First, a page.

You will thank me later for that. Because after a while, you will get your life back. You will realize that you are still in charge, that you are still calling the shots, that you are still able to make decisions. And you will become powerful and even successful in your recovery. And you will be in charge of your sobriety and answer to no one. But you have to transition to this, you have to ease into it, you can’t just start out being in charge of your own sobriety. For a real alcoholic that is a recipe for disaster.
Swallowing your pride and finding humility
So how do you swallow your pride and listen to others? How do you ask for help in quitting drinking?
To me, it is a matter of surrender. It is a matter of desperation. I am not sure if it is possible to force this, if you can make this decision for yourself or not.
I tend to think that you cannot.
Meaning that, when you are miserable enough in your addiction, you will finally reach a point of desperation in which you are willing to humble yourself and ask for help.
Genuine humility comes at a time when you have thrown up your hands and said to the world: “I don’t know how to live, I don’t know how to be happy, I don’t know what I am doing any more. Please show me how to live my life. I will do anything.”
That is real humility. I am convinced that if you are not yet at that point of desperation then you cannot recover from alcoholism. It is just not possible until you reach that point of willingness.
Because you need a certain amount of willingness in order to do the things that you need to do in order to recover.
You need a certain level of desperation before you become willing to take the massive action that is necessary to achieve sobriety.
It is not convenient or easy to stop drinking, and then to do the work that will make you feel good about your life as you go through it sober.
In other words, quitting drinking is not the hard part. It is staying stopped that is so difficult. And that means you have to be OK living in your own skin every day. You have to be OK with walking around sober and feeling alright with yourself.
And that takes work. You have to be humble enough to be willing to do this work.
For example, look at the step work that is involved with the program of AA. Consider the idea of sitting down and writing out a fourth step and a moral inventory. Someone who is still full of pride is not going to be willing to do that at all. You have to be humble in order to do that sort of self analysis. You have to be humble in order to get that honest with yourself.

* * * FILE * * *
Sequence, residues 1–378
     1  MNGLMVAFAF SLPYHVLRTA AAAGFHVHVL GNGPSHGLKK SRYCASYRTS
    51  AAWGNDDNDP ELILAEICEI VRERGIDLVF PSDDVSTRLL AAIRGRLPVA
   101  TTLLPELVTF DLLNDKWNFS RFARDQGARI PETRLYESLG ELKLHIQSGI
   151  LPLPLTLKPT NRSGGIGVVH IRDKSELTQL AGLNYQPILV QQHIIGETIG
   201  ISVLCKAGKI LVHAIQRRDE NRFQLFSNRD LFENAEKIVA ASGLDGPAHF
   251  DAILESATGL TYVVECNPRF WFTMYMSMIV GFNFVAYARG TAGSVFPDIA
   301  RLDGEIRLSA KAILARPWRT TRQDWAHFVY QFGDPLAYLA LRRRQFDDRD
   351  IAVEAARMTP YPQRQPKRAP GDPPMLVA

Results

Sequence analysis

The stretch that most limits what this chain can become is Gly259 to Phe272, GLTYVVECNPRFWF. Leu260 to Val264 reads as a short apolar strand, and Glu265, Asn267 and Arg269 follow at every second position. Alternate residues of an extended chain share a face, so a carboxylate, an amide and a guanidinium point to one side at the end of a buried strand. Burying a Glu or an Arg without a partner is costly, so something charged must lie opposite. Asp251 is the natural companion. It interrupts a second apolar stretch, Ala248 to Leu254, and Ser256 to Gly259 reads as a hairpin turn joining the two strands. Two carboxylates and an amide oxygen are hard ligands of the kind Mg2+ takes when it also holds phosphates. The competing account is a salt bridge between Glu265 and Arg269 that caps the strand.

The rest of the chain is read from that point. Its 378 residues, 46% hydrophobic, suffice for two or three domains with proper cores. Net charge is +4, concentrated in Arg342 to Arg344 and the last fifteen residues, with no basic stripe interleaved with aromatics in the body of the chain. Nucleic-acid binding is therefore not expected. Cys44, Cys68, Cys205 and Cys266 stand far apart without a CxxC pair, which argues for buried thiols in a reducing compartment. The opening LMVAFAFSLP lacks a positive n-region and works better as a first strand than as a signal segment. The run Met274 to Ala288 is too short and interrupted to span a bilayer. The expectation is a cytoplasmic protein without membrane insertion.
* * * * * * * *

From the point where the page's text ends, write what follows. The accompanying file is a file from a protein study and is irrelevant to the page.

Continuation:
Recovery involves a great deal of self honesty. Because you have to be able to live in your own skin every day while sober in order to make it in long term sobriety. And there is no way to fool yourself in this regard. Either you are feeling good or you have negative emotions going on. You can’t ignore your feelings, you can’t redirect your mind and avoid your inner emotions. Your emotions never lie to you, they are real, and you have to deal with them. So when you are sober you have to find new ways to cope and deal with reality, you have to find new ways to be OK living in your own skin. And so this is all about being honest with yourself so that you can learn how to manage your new life in sobriety. Sometimes you need to ask for help in order to do this. Sometimes you need some support in order to deal with it all. And there is nothing wrong with that, but you have to be honest enough with yourself to be able to admit when you need this help.
Asking for help is a small price to pay for sobriety
When I was stuck in my addiction I was not generally willing to ask for help.
For many years this cost me. My life was a mess and I was miserable because I refused to ask for help.
Simply asking for help is actually a very small price to pay for sobriety. You have to stop and consider for a moment what you get when you achieve long term sobriety.
The benefits of being sober far outweigh the risk of asking someone for help.
If this is the only thing that is holding you back then it is time to swallow your pride and just do it. Ask for help and get started on building a new life.
How do you go about doing this?
One way is to talk to your friends, family, or loved ones. Get honest with them about your problem and ask them if they can help you get to treatment.
Maybe you don’t have a support system in place like that. Maybe you don’t have friends or family that would be receptive to giving help.
In that case, just call a treatment center directly. Get on the phone and call up a rehab. Ask them if they can help you. If they can’t, ask them if they know of another agency or resource that might be able to help you.
If this fails, then find more phone numbers for different rehabs. And find a phone number for a local help line. Get on the phone and start asking questions, keep reaching out until you get the help that you need.
This is a very small price to pay for a chance at an awesome new life in recovery.
Today I can look back (over 13 years ago) and realize that asking for help was a very small price to pay at the beginning of my journey. I am so glad that I did it because it led me to where I am today.